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Darren Seals: Ferguson Activist Found Dead In Burning Car With Gunshot Wound

(Reuters) – Missouri detectives have not determined a motive or identified any witnesses in an investigation into the death of a man who led protests in the city of Ferguson following the fatal 2014 shooting of Michael Brown by a law enforcement officer, police said on Wednesday.

Protest leader Darren Seals, 29, was found shot inside a burning car in the village of Riverview, about five miles east of Ferguson, early on Tuesday, St. Louis County Police said in a statement.

Ferguson, a St. Louis suburb, gained national attention because of rioting after the August 2014 shooting of Brown, an unarmed black 18-year-old, by white police officer Darren Wilson. Most protests were peaceful, but violence erupted again when a grand jury decided not to bring charges against Wilson.

A federal investigation later found patterns of racial discrimination by Ferguson police.

The demonstrations helped to coalesce the civil rights movement Black Lives Matter.

“I don’t recall anyone having a longer protest, a more productive protest, a more creative protest than what we did,” Seals said in an interview with MTV released in November 2014. “I don’t think people will ever really appreciate what we did until years from now.”

Hours before Seals‘ death, he posted on Twitter about Colin Kaepernick, a San Francisco 49ers National Football League quarterback who protested racial injustice and police brutality by declining to stand for the national anthem, and the U.S. presidential election. In his Twitter profile, Seals described himself as a “businessman, revolutionary, activist, unapologetically BLACK, Afrikan in AmeriKKKa, fighter, leader.”

Police have not determined a motive for the crime or identified any witnesses, Sergeant Shawn McGuire said. McGuire declined to say in which part of Seals‘ body he was shot.

County police said officers were first called to investigate a burning vehicle in Riverview. “When the fire was extinguished, a deceased male subject was located inside of the vehicle,” the department said in a statement.

Seals, whose last-known address was in St. Louis, was identified as the victim.

(Reporting by Laila Kearney in New York; editing by Grant McCool)

Photo: An undated photo of Darren Seals from his facebook account. Darren Seals via Facebook/Handout via REUTERS

Hundreds Of Mourners Wait Outside Church For Michael Brown’s Funeral

St. Louis Post-Dispatch

Mourners are gathering at a St. Louis church this morning for the funeral of 18-year-old Michael Brown, whose shooting death Aug. 9 by a police officer began nearly two weeks of unrest in Ferguson.

The service is set to begin at 10 a.m. at Friendly Temple Missionary Baptist Church. The church can seat about 2,500 people.

By 8 a.m., about 200 people were lined up outside the church waiting for the doors to open at 9 a.m. One of those waiting was Markesha Coleman of East St. Louis. She said she wanted to show her support for Brown’s family.

“We want them to stand strong,” Coleman said. “We want justice for their family and their son. If we stand together, we can change this wrong.”

The Rev. Charles Ewing will deliver the eulogy for his nephew. He said his message is to heal the hurt, not just in Ferguson but the whole nation.

The Rev. Al Sharpton plans to speak, and three White House officials are expected to attend. Black elected leaders will be there too, such as U.S. Rep. Maxine Waters (D-CA), and Rep. William Lacy Clay (D-St. Louis).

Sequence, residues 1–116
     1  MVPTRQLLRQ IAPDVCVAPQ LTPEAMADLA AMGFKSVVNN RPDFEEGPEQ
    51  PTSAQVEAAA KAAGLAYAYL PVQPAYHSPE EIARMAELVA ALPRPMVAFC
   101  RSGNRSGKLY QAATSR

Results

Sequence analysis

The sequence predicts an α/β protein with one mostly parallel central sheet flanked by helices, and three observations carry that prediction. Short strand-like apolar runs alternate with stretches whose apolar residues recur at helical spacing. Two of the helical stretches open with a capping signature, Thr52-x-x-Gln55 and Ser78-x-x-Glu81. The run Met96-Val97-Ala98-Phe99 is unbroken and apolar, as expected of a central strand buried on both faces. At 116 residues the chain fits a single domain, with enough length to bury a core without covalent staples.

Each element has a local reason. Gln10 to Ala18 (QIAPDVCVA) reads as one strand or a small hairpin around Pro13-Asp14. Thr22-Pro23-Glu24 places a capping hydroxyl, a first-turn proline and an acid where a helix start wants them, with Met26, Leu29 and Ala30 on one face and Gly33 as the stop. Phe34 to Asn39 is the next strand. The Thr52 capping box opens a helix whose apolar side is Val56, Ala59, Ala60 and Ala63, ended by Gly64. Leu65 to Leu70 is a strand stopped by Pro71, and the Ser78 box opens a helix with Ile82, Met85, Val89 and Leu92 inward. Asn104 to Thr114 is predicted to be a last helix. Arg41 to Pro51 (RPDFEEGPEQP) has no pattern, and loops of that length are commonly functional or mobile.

Brown was unarmed when he was fatally shot by the officer, Darren Wilson, on a street in Ferguson. According to an autopsy, Brown was shot at least six times. Other details surrounding the incident remain unclear. Police have said that Wilson shot Brown after a struggle over the officer’s handgun. A friend of Brown’s has told authorities that Wilson was the instigator and shot Brown after he raised his arms to surrender.

The shooting of Brown, who is black, by a white officer has fueled racial tensions.

A St. Louis County grand jury began hearing evidence in the case last week. Prosecutor Robert P. McCulloch says it could be mid-October before all of the evidence has been presented to the grand jury. The jurors will decide if there is probable cause that a crime was committed and if Wilson, 28, committed it.

Federal investigators are conducting their own probe into the shooting, as well.

AFP Photo/Michael B. Thomas

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Community Activism Lauded In Calm Ferguson Protests

By Kurtis Lee, Los Angeles Times

FERGUSON, Mo. — Community activism and the work of local clergy were lauded by law enforcement officials as the primary influences that led to a relatively calm night of protests overnight in Ferguson.

Missouri Highway Patrol Capt. Ron Johnson said protesters remained orderly and police did not fire tear gas or seize any handguns.

Johnson said six people were arrested — a change from the previous night when law enforcement arrested 47 local and out-of-town protesters.

“Tonight was a very good night,” Johnson, who is overseeing security in Ferguson, told reporters in a news conference early Thursday morning.

Violent clashes between police and protesters have plagued this suburban St. Louis town in the weeks since Ferguson Police Officer Darren Wilson shot Michael Brown, an unarmed 18-year-old black male.

Johnson thanked residents of the community and clergy members for their support. Severe thunderstorms moved through the area Wednesday night, which prompted some protesters to take shelter in restaurants and parked cars.

“Even before the rain came, we saw a calm in the crowd,” Johnson said. “We saw a different crowd that came out tonight. We didn’t have as many of the agitators and criminals in the crowd.”

On Wednesday, a grand jury began hearing evidence in the case of Wilson. Some critics in the community have assailed St. Louis County head prosecutor Robert McCulloch for not pressing charges against Wilson in the controversial case clouded in racial tensions.